2.2.3 POC powder

POC powder is obtainable by grinding dry POC for ~8 h in a controlled ball mill at 150 RPM. It has been confirmed by several authors through microstructure analysis that POCP particles are blackish in color, irregular in shape and contain small pores with fibrous materials present [6]. SiO2, Al2O3, Fe2O3, MgO and CaO are the major components found in POC powder with oxide composition >71.09%. This proves that the powder satisfies the chemical requirement of Class F fly ash [6]. POCP and cement generally have similar fineness. However, the suitability of using them in concrete relies on their pozzolanic activity [7]. Strength activity index result proved that POCP is a pozzolanic material [48]. To ensure that the required workability can be attained when used for partial replacement of cement in mortars, POCP being a pozzolanic material would require more water [49]. The crystallinity index of quartz in POC powder utilized by [6] was 0.97 indicating partial disorderliness of quartz and pozzolanic reactivity of the powder. The major component in POCP present in quartz and cristobalite phases at 2θ angle of 26.87° and 20.45°, respectively is SiO2 [6]. A significant hump in XRD pattern from 10–35°C demonstrates the presence of an amorphous fraction that is reactive due to pozzolanic activity [48, 49].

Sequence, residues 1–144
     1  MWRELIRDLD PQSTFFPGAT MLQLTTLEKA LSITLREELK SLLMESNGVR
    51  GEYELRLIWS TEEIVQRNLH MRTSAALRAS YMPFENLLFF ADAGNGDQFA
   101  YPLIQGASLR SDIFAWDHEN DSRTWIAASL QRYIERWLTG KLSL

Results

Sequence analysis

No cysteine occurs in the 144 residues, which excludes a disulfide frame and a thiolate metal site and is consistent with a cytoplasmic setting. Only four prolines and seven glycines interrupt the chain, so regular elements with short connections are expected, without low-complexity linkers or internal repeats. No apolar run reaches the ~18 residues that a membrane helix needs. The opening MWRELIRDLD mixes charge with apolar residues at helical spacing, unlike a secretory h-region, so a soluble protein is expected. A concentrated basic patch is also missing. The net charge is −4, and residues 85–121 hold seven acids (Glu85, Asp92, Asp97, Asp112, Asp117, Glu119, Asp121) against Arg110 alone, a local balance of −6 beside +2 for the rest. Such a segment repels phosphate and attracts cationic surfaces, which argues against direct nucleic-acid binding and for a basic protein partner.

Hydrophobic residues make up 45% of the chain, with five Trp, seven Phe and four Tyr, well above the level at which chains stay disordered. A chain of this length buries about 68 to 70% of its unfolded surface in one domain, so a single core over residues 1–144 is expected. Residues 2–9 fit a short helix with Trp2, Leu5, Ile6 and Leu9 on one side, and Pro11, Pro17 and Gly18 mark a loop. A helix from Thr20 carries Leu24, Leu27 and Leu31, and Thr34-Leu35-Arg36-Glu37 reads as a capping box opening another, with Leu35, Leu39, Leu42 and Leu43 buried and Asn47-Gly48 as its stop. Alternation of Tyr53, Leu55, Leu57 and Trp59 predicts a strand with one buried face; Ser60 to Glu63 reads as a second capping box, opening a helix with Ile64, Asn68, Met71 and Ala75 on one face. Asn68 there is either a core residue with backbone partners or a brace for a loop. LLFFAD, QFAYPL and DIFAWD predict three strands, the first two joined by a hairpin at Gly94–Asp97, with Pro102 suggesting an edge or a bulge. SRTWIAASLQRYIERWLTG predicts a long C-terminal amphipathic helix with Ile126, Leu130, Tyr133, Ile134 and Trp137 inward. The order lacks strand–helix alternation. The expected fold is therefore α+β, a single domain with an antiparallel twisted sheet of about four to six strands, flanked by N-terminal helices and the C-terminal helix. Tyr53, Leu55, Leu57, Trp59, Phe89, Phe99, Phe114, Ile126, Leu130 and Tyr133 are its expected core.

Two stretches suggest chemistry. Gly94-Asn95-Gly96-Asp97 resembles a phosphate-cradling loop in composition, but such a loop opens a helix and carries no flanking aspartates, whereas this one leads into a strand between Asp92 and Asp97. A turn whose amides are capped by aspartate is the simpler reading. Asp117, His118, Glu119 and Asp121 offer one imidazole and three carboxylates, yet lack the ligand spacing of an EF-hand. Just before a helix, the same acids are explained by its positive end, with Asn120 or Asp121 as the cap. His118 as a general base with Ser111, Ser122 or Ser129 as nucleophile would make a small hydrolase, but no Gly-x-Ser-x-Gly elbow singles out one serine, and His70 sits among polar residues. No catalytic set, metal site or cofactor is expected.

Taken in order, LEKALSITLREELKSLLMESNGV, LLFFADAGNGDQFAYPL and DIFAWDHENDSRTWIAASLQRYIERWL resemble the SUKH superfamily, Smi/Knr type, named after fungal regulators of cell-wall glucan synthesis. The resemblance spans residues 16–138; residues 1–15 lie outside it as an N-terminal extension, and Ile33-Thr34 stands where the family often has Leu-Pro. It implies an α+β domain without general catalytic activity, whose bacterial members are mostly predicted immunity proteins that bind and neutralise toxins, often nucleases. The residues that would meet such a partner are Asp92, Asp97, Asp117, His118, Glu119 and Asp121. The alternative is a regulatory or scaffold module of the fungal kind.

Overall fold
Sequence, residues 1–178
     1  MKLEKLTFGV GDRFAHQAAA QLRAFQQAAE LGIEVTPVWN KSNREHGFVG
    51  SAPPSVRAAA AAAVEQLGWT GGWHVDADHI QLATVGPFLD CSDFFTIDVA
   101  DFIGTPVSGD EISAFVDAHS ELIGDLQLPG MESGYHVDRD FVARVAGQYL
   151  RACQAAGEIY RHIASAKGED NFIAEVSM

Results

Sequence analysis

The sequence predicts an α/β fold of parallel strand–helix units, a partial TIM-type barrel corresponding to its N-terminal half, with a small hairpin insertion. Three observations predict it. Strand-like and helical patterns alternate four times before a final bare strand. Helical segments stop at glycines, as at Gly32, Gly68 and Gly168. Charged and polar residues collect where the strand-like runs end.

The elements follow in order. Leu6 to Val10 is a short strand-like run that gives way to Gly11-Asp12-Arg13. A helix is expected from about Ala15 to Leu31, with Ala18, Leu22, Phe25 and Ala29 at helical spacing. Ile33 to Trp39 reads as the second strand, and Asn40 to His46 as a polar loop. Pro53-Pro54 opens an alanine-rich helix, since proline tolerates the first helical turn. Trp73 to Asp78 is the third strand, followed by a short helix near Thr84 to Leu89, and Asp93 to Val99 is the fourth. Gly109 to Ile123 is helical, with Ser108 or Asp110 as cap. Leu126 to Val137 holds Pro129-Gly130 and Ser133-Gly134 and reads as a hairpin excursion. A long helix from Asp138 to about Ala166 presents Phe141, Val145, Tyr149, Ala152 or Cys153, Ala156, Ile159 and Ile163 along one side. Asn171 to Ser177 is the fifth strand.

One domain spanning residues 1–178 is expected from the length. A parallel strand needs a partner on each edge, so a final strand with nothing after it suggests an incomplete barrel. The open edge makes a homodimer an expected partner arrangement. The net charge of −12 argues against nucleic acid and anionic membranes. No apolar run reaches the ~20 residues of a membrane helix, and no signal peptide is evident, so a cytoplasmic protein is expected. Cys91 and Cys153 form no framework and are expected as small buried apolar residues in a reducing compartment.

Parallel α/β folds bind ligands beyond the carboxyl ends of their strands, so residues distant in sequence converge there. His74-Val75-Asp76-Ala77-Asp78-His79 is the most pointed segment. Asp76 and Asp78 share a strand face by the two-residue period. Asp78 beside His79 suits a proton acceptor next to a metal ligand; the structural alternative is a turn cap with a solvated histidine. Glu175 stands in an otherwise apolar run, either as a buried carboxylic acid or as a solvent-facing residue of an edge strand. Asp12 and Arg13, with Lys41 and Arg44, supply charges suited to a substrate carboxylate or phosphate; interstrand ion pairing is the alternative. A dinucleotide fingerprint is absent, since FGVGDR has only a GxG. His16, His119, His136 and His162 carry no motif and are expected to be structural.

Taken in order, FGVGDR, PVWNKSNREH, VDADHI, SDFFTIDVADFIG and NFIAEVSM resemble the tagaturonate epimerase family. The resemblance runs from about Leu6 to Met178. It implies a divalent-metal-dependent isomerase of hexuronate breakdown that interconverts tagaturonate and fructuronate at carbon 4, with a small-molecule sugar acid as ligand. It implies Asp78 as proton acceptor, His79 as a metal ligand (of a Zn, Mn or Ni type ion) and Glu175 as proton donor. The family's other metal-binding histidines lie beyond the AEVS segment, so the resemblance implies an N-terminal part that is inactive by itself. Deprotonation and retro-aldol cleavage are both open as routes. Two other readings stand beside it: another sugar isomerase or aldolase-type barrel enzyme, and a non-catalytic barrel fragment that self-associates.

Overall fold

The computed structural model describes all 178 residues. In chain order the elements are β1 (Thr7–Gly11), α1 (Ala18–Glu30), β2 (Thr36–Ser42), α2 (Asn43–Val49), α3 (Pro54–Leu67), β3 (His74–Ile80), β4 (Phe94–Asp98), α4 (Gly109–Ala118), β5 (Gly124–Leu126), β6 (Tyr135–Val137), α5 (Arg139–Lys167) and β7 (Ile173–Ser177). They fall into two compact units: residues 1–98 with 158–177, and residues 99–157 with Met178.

The addition of POC powder to replace cement and quarry dust has greatly increased the fresh and hardened density and compressive strength of produced blocks. Classified as thermally efficient and light weight blocks, the properties of the produced blocks meet the required thresholds and were higher than those of the common stabilized compressed earth blocks [16]. The use of POCP for cement replacement of about 40% in a cement-lime masonry mortar is recommended based on fresh density, consistency and air content requirements. Split tensile strength at 90 days of curing was greatly improved due to pozzolanic reactivity of POCP at longer duration. Flexural bond strength of the POCP mortar attained about 70% of control mortar. It also reduced 32% carbon footprint, 20% cost saving and save reasonable amount of energy [13].

A study attempts to investigate the durability performance and microstructure behavior of masonry mortars where POCP was used for cement replacement. With a compressive strength of 12.5 MPa, 40% cement replacement appeared to be a reliable mortar in terms of durability front with similar 28-day drying shrinkage to control mortar mix. The mixture possess extremely good electrical resistivity [49].